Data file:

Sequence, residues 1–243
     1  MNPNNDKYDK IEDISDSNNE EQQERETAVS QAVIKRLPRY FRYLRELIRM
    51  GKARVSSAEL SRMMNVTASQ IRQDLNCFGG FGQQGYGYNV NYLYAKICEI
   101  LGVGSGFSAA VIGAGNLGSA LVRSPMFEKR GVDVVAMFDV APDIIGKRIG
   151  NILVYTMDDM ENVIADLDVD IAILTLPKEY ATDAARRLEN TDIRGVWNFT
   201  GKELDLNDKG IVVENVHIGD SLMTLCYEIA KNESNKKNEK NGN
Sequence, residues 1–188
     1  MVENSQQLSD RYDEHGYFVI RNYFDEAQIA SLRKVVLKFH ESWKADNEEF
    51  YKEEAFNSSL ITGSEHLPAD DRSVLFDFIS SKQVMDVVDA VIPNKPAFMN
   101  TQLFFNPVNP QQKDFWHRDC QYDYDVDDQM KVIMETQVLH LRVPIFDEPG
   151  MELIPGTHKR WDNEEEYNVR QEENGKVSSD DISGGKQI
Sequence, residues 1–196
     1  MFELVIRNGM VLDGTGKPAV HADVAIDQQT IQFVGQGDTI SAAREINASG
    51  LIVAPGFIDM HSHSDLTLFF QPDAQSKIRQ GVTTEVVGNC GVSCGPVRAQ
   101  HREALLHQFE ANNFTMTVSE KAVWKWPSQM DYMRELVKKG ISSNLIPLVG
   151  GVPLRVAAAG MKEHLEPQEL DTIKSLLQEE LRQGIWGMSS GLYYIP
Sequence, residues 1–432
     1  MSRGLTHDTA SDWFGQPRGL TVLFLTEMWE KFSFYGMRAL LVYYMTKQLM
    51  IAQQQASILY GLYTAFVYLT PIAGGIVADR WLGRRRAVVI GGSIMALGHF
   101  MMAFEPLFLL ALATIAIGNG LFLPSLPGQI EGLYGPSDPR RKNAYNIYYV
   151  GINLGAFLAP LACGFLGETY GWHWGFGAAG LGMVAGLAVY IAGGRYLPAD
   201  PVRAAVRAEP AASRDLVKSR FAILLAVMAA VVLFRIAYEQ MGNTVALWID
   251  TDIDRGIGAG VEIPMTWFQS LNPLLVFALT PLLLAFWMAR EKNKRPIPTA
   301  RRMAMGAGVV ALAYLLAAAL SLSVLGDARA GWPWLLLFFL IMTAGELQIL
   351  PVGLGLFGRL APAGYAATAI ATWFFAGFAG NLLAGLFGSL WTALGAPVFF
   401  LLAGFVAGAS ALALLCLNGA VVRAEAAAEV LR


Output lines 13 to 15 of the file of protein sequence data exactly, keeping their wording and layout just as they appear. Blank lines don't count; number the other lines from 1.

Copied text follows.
     1  MFELVIRNGM VLDGTGKPAV HADVAIDQQT IQFVGQGDTI SAAREINASG
    51  LIVAPGFIDM HSHSDLTLFF QPDAQSKIRQ GVTTEVVGNC GVSCGPVRAQ
   101  HREALLHQFE ANNFTMTVSE KAVWKWPSQM DYMRELVKKG ISSNLIPLVG